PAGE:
Welcome to Plastic Ingenuity’s blog series on packaging polymers! In this series, we will explore the different types of polymers used in packaging and their properties, applications, and environmental impact. We will also discuss the latest developments in sustainable packaging and how the industry is evolving to meet the growing demand for circular solutions. Join us as we dive into our fourth installment in a seven-part series with material #4: LDPE (Low-Density Polyethylene)
Low-density polyethylene (LDPE) is a type of plastic that is commonly used in packaging applications due to its flexibility, transparency, puncture, and chemical resistance at thin thicknesses. Here are some examples of LDPE packaging applications:
▪️ Bags: LDPE bags are commonly used in grocery stores, supermarkets, and other retail outlets to pack and carry products. LDPE bags can also be used for garbage and waste disposal.
▪️ Wraps: LDPE wraps are used for food packaging, such as wrapping fresh produce, meats, and sandwiches. LDPE wraps are also used in the packaging of medical and pharmaceutical products.
▪️ Shrink wrap: LDPE shrink wrap is used to tightly pack products for transportation and storage. Shrink wrap is commonly used in the packaging of electronics, books, and other products.
▪️ Bottles: LDPE bottles are commonly used for packaging various liquids, such as cleaning products, detergents, and personal care items.
▪️ Bubble wrap: LDPE bubble wrap is used as a cushioning material for the protection of fragile items during shipping and handling.
▪️ Stretch film: LDPE stretch film is used to wrap pallets of products for transportation and storage. Stretch film is commonly used in the packaging of food and beverage products, as well as other industrial applications.
LDPE does get recycled but at lower rates than other polymers we’ve discussed. About 435 million pounds gets recycled every year but that’s about 6% of total production. Films, like bags made from LDPE, present challenges at the material sortation facility. They tend to jam up equipment. That is why films are typically not allowed in curbside collection bins.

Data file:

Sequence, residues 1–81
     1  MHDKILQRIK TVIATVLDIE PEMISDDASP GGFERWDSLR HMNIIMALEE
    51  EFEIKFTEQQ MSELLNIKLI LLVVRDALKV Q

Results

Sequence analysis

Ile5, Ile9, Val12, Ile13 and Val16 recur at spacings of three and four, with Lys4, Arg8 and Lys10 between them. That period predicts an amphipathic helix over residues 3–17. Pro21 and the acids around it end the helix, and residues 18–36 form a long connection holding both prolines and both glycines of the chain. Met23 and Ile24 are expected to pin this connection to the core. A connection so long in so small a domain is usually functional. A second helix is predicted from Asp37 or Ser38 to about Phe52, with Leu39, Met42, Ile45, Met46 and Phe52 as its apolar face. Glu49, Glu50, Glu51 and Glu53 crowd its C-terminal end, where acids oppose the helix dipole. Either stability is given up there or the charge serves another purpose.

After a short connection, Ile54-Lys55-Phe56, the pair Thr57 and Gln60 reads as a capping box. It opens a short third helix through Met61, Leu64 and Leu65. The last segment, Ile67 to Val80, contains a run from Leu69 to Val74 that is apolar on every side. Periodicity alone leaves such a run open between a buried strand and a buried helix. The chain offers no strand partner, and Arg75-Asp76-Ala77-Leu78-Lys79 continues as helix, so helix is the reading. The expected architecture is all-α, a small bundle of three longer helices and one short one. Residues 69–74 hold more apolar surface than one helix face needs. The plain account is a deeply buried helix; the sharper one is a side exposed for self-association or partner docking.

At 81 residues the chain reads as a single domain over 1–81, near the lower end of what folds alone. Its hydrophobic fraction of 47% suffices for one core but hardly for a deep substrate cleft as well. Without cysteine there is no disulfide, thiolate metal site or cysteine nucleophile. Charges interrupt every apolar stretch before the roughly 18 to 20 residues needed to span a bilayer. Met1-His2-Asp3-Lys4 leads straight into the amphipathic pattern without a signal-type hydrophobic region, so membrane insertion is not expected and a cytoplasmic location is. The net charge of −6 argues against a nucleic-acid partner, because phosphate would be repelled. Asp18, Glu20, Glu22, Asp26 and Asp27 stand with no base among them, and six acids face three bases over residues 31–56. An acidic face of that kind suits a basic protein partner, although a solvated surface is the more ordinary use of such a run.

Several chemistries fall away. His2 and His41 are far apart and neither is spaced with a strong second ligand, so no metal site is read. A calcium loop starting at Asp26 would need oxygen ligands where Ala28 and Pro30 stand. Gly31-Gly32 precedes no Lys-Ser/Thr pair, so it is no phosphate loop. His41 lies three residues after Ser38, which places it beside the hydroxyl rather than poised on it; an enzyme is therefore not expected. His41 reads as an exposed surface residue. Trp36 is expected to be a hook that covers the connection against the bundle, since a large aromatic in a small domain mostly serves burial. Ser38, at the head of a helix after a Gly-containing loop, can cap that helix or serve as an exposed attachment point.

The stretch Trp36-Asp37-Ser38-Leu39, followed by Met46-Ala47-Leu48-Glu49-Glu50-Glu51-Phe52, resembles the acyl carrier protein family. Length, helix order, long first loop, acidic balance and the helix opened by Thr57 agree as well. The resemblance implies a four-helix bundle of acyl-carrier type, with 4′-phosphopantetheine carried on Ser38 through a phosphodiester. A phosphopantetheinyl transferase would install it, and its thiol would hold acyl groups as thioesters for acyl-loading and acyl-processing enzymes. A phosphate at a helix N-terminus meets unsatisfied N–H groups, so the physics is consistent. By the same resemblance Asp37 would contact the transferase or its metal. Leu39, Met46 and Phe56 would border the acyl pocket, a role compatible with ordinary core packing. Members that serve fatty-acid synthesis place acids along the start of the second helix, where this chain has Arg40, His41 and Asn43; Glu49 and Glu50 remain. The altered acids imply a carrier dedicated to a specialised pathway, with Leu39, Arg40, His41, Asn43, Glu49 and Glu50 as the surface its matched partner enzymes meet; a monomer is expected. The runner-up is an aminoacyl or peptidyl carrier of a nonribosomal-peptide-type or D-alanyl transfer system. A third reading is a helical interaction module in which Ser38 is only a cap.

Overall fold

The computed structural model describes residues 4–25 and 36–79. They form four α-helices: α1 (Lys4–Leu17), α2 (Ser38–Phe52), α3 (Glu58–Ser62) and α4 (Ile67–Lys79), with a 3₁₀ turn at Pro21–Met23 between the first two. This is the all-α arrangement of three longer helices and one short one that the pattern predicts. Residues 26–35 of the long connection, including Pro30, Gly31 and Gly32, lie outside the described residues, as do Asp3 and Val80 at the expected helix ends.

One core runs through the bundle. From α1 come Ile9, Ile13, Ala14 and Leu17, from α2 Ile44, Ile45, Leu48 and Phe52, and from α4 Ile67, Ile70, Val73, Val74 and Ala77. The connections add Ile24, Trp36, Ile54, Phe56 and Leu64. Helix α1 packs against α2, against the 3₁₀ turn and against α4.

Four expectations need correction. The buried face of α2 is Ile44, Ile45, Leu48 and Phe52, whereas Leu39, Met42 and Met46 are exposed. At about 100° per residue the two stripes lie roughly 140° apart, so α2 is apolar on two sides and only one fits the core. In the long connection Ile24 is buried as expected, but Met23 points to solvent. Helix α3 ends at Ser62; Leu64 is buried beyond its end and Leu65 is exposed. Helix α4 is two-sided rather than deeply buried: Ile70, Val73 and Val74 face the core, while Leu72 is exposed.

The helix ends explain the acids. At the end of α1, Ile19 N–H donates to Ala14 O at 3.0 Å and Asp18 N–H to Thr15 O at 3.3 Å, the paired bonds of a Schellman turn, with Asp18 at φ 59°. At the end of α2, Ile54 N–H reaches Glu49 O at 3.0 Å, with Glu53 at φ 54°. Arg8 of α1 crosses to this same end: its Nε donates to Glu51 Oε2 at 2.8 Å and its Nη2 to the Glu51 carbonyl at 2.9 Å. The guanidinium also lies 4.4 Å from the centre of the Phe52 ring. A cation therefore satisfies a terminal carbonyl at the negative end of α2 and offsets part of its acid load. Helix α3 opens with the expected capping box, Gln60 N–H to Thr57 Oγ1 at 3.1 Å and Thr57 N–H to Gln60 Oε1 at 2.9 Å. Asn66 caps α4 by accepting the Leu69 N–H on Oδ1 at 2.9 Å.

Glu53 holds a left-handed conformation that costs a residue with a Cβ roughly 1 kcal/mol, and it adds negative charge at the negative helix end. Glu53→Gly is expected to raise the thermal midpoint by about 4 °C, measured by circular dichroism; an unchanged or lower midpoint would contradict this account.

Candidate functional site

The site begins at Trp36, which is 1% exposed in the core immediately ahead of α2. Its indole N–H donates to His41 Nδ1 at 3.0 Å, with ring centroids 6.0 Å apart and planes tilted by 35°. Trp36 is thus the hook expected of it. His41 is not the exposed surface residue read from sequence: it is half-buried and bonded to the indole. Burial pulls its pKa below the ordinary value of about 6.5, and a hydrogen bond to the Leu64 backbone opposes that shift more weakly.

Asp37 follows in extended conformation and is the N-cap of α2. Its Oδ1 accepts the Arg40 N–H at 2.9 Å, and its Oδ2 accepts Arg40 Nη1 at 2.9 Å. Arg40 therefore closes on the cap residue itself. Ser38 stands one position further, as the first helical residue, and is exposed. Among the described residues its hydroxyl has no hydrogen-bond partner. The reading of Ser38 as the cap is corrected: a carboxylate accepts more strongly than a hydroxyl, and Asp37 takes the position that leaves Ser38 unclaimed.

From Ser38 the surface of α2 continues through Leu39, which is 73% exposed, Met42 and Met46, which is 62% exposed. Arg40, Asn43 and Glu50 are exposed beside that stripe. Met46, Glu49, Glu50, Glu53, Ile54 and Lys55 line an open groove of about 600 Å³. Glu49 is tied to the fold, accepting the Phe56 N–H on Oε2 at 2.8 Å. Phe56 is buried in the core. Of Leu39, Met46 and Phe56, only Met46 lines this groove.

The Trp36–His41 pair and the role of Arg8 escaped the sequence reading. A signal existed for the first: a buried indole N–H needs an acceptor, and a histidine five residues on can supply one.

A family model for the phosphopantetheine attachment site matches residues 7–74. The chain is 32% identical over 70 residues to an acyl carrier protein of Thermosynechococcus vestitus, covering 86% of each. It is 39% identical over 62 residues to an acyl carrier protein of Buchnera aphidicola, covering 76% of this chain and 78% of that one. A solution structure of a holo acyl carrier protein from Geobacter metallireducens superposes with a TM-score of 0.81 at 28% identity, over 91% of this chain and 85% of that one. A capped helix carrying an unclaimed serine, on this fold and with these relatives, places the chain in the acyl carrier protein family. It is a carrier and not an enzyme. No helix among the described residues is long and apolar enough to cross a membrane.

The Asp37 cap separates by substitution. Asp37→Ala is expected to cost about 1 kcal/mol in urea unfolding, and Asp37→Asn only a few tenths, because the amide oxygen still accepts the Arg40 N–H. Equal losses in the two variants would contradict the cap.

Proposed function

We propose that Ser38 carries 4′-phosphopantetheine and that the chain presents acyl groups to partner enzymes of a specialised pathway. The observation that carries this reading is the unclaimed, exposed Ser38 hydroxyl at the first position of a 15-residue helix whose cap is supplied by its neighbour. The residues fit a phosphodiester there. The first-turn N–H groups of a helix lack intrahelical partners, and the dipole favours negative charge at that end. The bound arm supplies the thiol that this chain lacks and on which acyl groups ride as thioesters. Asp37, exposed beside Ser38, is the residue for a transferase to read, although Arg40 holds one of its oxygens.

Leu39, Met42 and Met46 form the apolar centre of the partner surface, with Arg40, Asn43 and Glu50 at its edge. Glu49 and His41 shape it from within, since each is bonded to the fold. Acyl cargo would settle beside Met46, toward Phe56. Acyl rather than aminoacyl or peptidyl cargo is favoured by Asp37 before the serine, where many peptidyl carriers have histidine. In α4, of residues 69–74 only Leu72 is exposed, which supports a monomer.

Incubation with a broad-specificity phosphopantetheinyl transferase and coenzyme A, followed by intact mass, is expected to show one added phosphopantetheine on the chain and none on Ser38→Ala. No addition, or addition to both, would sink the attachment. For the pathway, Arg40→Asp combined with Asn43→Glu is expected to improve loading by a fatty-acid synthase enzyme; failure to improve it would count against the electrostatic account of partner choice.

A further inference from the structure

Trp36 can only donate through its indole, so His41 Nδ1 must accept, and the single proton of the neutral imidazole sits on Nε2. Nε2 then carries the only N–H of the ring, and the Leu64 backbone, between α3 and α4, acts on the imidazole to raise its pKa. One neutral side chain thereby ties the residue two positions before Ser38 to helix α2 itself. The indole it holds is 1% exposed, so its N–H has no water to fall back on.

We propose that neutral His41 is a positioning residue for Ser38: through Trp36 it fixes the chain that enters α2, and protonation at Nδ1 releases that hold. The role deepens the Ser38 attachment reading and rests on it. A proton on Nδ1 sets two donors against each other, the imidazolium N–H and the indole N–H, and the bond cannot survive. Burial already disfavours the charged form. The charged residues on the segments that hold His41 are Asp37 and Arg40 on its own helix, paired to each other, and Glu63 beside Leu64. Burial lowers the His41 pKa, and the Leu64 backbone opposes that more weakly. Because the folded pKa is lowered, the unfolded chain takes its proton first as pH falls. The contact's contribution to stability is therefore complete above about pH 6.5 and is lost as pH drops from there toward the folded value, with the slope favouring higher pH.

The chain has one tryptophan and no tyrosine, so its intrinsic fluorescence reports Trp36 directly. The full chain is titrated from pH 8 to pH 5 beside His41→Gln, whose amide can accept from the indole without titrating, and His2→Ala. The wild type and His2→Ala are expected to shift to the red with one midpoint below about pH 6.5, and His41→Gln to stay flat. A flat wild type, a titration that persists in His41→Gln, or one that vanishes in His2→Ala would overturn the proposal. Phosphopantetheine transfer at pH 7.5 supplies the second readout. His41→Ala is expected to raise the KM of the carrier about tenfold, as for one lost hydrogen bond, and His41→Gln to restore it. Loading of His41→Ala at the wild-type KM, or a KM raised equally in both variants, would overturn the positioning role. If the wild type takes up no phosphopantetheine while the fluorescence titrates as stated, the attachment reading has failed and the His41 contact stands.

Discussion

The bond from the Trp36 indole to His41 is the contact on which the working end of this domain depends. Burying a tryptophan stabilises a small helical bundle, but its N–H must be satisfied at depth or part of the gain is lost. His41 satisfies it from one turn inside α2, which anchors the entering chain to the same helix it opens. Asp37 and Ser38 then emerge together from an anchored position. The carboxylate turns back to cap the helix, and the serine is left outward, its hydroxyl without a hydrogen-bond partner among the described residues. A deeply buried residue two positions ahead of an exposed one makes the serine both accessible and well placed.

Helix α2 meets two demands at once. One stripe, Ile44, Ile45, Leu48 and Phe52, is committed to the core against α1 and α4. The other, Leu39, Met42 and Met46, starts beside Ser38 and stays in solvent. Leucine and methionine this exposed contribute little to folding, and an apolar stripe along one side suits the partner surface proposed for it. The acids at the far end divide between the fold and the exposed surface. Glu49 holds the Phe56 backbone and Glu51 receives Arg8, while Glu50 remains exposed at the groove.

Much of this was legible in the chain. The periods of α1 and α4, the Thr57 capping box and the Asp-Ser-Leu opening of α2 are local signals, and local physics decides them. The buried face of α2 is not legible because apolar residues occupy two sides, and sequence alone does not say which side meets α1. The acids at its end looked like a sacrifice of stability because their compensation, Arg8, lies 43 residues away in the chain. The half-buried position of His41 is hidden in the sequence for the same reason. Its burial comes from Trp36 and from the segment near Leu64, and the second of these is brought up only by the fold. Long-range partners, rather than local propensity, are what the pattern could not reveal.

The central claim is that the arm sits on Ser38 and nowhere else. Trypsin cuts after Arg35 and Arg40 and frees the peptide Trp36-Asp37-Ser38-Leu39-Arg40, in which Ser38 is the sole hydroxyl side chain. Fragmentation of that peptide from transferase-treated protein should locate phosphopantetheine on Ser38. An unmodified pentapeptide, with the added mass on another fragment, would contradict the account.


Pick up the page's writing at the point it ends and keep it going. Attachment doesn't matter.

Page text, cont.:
However, there are initiatives and technologies being developed to improve the recycling of LDPE. For example, new sorting technologies are being developed to better identify and separate LDPE from other plastics, and new chemical recycling methods are being explored to break down LDPE into its component parts for reuse. The best way to recycle LDPE films is to drop them off at a store collection bin in your area.
Recycled LDPE can be made into new films, like bags and shipping envelopes. A significant amount gets consumed in the durable goods industry for items like lumber and furniture.
Overall, LDPE is a versatile material that is widely used in packaging applications due to its excellent properties and cost-effectiveness, with more robust recycling opportunities on the horizon. For more information about sustainability in the plastics industry, visit www.plasticingenuity.com/sustainability